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Meteorite hits a rice field in India

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posted on Jul, 26 2019 @ 11:19 PM
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originally posted by: MisterSpock

originally posted by: Allaroundyou
a reply to: MisterSpock

.....Well I was thinking maybe radioactive. But I like where your head is at. Far more creative than mine.



Everyone dies, might as well go out with a "happy ending"....

This theory extends to vampires too, they'd have a much easier time(the hot countess) if she'd do the "bite"/Kill AFTER the seduction.



Not sure it would be easier but it would definitely be more courteous




posted on Jul, 26 2019 @ 11:20 PM
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Two more things to add.

That looks like a speaker magnet sticking to the meteorite not the other way around .

They don’t seem to be that rare.

The one that fell in Kenya weighs 65 kg and it’s on eBay as we speak for $45,000 .



posted on Jul, 26 2019 @ 11:44 PM
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originally posted by: IkNOwSTuff

originally posted by: MisterSpock

originally posted by: Allaroundyou
a reply to: MisterSpock

.....Well I was thinking maybe radioactive. But I like where your head is at. Far more creative than mine.



Everyone dies, might as well go out with a "happy ending"....

This theory extends to vampires too, they'd have a much easier time(the hot countess) if she'd do the "bite"/Kill AFTER the seduction.



Not sure it would be easier but it would definitely be more courteous


Exactly, think of the victim.

Most men would die happy after a nice release vs being "harvested" on the edge of satisfaction.

Just another hole in the whole scyfy/fantasy genre.



posted on Jul, 27 2019 @ 02:25 AM
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Coincides with the unexpected pass we just had.... a 100m wide asteroid flew past us at 70.000 km. Could be a friend of his?



posted on Jul, 27 2019 @ 04:56 AM
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Boulders that fall off a cliff don't leave a near-perfect circle on the ground, since boulders are not - afaik near-perfect spheroids.

But unlike boulders, 'meteorites' leave almost perfect circular impressions in the ground, like we see here!!


Much the same way meteorites have created near-perfectly round holes on the moon, which we call 'craters'.


What is odd about the craters, however, is that no meteorites, or debris, is left on the moon, around, or in, any of the craters, 'made' by the meteorites.

If a tiny meteorite is found in the near-perfect hole it created, why wouldn't the much larger meteorites be found on the moon, which is supposed to preserve things on it, unlike Earth?


The moon's craters were not created by any meteorites, obviously. No evidence of any sort, means no meteorites caused it.



posted on Jul, 27 2019 @ 05:35 AM
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I dunno, story seems kind of dubious to me.

A meteorite that large would have been much larger as it passed through the atmosphere and minimally it would have created a massive sonic boom (not just a "thud") and would have been accompanied sizeable fireball (neither of which are mentioned). The so called "crater" also doesn't look right, looks more like a hole someone dug in the ground. An object that large, traveling at potentially thousands of miles per hour, would have made a significant blast crater, and blast craters don't have vertical sides, they're usually more dish shaped.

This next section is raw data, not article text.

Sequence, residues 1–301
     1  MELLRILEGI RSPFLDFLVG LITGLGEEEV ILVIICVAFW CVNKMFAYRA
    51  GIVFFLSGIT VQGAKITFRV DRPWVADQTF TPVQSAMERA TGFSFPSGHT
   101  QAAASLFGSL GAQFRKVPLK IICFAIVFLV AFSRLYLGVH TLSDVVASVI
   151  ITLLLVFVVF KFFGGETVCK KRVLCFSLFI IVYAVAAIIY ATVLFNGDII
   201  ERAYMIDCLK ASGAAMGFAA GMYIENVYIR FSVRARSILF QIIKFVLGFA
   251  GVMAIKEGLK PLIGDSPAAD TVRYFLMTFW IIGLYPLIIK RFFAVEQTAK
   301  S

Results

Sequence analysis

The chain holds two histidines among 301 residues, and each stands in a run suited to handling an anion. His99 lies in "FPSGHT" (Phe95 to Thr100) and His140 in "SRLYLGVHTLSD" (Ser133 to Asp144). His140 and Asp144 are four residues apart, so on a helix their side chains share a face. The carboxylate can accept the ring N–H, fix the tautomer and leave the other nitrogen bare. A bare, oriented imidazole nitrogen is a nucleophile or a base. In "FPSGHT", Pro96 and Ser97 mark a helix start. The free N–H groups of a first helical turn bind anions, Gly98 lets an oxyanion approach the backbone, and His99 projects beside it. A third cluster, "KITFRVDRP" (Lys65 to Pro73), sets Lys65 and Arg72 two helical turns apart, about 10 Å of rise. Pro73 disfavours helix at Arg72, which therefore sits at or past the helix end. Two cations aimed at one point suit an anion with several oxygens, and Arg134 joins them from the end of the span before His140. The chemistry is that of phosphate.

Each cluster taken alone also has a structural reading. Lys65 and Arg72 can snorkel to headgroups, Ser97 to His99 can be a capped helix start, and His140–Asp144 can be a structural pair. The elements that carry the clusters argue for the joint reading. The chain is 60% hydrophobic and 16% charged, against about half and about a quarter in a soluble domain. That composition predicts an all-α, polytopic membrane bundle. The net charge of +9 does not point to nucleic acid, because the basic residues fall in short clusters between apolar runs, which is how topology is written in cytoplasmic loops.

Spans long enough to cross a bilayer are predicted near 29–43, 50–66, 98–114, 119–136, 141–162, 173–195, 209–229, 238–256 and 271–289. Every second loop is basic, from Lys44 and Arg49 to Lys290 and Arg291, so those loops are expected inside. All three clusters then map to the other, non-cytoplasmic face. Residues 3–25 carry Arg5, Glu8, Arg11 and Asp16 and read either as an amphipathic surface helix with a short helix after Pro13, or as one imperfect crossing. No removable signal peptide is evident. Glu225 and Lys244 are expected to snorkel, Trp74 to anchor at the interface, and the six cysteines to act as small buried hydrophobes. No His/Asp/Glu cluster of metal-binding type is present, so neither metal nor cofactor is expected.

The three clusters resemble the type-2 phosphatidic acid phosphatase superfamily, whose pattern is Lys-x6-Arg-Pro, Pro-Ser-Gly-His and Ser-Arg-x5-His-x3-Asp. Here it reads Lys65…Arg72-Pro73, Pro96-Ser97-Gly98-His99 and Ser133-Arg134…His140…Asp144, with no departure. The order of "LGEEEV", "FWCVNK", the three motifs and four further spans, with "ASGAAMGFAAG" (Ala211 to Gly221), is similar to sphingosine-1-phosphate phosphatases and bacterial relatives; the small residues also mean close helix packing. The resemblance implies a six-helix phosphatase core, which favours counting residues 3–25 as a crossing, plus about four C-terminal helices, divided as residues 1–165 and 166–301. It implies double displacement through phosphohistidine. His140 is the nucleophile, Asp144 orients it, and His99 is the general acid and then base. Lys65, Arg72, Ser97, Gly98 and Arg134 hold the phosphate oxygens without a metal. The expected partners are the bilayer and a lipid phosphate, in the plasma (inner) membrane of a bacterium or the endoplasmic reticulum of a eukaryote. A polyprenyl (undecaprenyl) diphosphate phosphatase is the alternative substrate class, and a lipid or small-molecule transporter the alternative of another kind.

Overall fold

I'm thinking this is a ruse. I think what really happened is, they were farming a rice field and encountered a rock. They dug the rock out (as farmers do) and determined it to have iron based properties (i.e. magnets would stick to it). Then they concocted the story about it being a meteorite.

It could really be a meteorite at the end of the day, but it could also just be a piece of hematite or magnetite (which is common in India). Freshly fallen meteorites are usually pretty jagged and pocked and blackened from the molten slag burning off as it passes through the atmosphere. This one isn't like that, it's fairly smooth and looks like it's been eroded in the ground for a while.



posted on Jul, 27 2019 @ 06:22 AM
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a reply to: Flyingclaydisk

I was thinking the same but when I enter the estimates into an impact calculator (ie. 13kg, 30cm diameter, 11.3 km/s velocity and a density of 8000 kg/m3)

I get this result:

 Diameter: 1.3 meters ( = 4.25 feet )Final Crater Depth: 27.6 cm ( = 10.9 inches )The crater formed is a simple crater
The floor of the crater is underlain by a lens of broken rock debris (breccia) with a maximum thickness of 12.8 cm ( = 5.03 inches ).At this impact velocity ( < 12 km/s), little shock melting of the target occurs.

At this impact velocity ( < 15 km/s), little vaporization occurs; no fireball is created, therefore, there is no thermal radiation damage


Dunno....

Peace



posted on Jul, 27 2019 @ 07:43 AM
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a reply to: operation mindcrime

But there would definitely be a shock wave and associated sonic boom.

Good math though.

ETA - Not sure I agree with the no fireball part though. There's going to be considerable atmospheric friction at 15km/sec.


edit on 7/27/2019 by Flyingclaydisk because: (no reason given)



posted on Jul, 27 2019 @ 02:35 PM
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A baby meteorite.

Yet again, no extinction-level event...

Yawn. Earth is boring.



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